You and Neil and others like you make the argument that because the scientific establishment classifies a certain parisitic single-celled organism as “human”, this somehow also proves, scientifically, your faith-based ethical belief that this non-sentient microscopic life form is morally equal to (or perhaps higher than) the life of the host human off of whom it is currently leeching. What we have here is a (yes) human single cell which has precisely as much awareness as a monkey zygote or a cat zygote or a mouse zygote or a gamete or an amoeba or a rice krispy. Your position seems to be that since a human zygote has a chance of growing into a self-aware homo sapiens at some much later date, it has already got some magic quality which makes its worth equal (or better) than the life of an adult woman who has it. But… why? Unfortunately, you guys are missing any kind of middle steps in your intended chain of logic.
This is intellectual dishonesty. Though I’ll give y’all the benefit of the doubt and assume you’re being just as intellectual dishonest with yourself as you are with me. I really can’t understand why anyone would hold your point of view, except with the theory that you are only getting so hot and bothered over this issue because believing this confers on you moral superiority and thus the right to control other people. Like, women.
Speaking of hot and bothered, here’s a challenge to Neil, Theobromophile, and to any other pro-zygote anti-woman’s “rights” lurkers out there. (Remember, that’s Neil’s scare quotes, not mine.)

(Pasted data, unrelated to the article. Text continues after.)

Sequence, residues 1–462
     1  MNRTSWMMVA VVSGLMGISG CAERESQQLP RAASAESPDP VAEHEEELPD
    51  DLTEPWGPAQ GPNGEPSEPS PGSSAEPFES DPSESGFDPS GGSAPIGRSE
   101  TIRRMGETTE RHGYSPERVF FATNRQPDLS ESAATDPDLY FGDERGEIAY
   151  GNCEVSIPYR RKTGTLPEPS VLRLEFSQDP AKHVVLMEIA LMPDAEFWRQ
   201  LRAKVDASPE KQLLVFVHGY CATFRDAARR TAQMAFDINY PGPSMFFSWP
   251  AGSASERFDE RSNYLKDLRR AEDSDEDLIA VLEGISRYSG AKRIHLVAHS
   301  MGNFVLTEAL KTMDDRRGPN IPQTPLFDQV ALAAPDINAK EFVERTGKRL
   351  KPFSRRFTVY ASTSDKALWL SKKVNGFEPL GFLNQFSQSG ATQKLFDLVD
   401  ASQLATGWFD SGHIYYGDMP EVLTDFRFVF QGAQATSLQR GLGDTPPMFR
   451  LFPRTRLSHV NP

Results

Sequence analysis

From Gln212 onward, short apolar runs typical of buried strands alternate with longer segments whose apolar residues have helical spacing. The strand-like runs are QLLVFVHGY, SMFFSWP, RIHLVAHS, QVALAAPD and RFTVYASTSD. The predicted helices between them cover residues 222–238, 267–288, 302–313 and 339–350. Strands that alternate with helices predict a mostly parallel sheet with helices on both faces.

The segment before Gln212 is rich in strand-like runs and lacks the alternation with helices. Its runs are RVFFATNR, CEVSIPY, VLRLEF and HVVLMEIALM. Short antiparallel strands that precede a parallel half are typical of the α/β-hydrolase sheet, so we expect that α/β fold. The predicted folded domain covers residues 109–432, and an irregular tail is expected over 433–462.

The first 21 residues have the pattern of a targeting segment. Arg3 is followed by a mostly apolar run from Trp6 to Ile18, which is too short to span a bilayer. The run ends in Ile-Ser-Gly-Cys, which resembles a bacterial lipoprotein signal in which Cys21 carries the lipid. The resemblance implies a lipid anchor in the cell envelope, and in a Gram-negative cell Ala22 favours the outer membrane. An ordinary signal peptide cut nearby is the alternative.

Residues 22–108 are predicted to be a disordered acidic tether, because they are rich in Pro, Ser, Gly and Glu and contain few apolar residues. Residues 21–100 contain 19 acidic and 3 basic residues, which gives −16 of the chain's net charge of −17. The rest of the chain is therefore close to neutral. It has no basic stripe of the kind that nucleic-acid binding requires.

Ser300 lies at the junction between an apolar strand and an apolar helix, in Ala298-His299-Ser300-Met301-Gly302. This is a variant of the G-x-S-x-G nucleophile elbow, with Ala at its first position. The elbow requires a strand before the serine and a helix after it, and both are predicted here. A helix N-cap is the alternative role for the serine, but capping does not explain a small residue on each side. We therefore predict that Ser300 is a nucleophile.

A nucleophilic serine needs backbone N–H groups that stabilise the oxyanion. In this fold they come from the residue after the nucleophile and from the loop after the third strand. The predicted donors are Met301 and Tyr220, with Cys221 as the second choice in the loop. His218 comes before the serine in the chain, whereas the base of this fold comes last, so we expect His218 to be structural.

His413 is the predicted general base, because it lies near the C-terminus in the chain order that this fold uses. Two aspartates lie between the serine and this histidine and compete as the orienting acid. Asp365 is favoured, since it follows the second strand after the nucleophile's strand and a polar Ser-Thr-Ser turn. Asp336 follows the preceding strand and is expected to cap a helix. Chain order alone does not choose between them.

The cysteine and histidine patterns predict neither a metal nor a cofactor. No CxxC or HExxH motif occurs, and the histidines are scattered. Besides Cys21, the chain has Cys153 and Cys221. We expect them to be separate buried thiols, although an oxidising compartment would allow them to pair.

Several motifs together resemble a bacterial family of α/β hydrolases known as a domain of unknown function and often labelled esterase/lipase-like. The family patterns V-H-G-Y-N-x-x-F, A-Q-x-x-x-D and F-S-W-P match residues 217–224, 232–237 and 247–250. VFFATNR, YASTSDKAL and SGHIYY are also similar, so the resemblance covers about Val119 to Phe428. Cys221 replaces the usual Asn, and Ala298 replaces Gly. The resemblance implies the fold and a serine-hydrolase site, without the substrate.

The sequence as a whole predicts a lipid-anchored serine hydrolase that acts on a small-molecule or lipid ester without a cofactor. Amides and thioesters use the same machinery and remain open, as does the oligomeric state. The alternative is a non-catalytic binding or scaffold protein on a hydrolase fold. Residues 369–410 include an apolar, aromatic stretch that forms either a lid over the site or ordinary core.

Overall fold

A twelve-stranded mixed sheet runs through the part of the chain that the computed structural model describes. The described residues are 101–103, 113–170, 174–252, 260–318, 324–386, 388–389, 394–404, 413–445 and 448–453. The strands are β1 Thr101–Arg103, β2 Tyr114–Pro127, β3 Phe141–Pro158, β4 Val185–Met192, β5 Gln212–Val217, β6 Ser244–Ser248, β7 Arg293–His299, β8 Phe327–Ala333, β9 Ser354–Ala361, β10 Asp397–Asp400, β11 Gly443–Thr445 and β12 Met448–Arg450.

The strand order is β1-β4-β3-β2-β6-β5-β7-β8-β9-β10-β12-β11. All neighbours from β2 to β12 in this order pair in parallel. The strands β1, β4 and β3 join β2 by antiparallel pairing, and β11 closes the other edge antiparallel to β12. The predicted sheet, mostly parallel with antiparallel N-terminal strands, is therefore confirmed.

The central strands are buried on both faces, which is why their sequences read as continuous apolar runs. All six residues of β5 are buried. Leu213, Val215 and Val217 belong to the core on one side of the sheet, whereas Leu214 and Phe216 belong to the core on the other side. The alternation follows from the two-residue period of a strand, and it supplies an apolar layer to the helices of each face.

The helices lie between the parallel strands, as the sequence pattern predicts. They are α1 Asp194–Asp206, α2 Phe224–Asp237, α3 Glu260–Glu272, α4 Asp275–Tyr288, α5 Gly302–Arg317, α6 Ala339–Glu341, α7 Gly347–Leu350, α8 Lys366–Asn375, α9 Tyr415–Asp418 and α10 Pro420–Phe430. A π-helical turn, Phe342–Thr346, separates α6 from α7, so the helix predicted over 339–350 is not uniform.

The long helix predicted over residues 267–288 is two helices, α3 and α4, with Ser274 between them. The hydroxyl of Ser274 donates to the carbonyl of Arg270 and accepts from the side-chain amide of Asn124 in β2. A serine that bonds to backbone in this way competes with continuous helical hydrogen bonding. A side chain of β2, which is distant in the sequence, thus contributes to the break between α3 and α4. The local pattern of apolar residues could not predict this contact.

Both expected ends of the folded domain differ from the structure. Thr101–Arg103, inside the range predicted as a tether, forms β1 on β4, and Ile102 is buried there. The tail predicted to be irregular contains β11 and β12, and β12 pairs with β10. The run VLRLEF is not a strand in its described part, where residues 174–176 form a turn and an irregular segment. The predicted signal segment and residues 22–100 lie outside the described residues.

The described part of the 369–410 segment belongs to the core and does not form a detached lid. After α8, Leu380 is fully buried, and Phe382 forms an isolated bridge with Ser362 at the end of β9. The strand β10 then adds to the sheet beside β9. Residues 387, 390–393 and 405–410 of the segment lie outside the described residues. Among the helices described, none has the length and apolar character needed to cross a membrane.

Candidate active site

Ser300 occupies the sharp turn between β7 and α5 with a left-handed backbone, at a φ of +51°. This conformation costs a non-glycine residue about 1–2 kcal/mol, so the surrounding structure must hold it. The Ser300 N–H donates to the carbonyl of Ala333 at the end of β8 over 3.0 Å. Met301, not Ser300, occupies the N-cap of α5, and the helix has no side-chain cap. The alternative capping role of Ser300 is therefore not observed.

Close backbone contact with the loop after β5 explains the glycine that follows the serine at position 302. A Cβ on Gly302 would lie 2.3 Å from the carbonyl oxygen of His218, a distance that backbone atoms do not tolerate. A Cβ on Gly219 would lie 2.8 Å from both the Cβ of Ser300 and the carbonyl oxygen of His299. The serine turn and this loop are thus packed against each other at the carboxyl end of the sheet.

Let me pose you a simple question. A variation on one I’ve read somewhere before, wish I could remember where. Anyway, please answer directly, as it may clarify a lot for all of us.
First, imagine that you are a heroic firefighter. (Who knows, maybe you really are one.)
You’re passing by a fertility clinic when you notice it’s burning down. Being the brave and plucky embryonic-rights crusader you are, you leap into the fray to save as many frozen embryos as you can. You’re just lumbering out of a burning lab, loaded down with a refrigerator full of potentially hundreds of frozen blastocysts, when you suddenly notice a child whimpering in the corner, trapped behind a fallen timber which you are sure that you, with your rock hard pecs, can easily move.
Now, you might be able to leave and then come back for which/whoever you left behind; but the fire’s raging pretty badly. You also might not. Do you…
(1) …drop the refrigerator to save the child, and take the chance that the blaze might destroy the hundreds of frozen blastocysts before you can return?
(2) …keep on going with the refrigerator, and take the chance that the fire might kill or maim the child before you can return?
If you chose the child, why did you do so?
If you chose the refrigerator, does your answer change if you know that the refrigerator has only ten frozen blastocysts? Only one?
And finally, if you refuse to give a straight answer either way, what does this say about the strength of your convictions?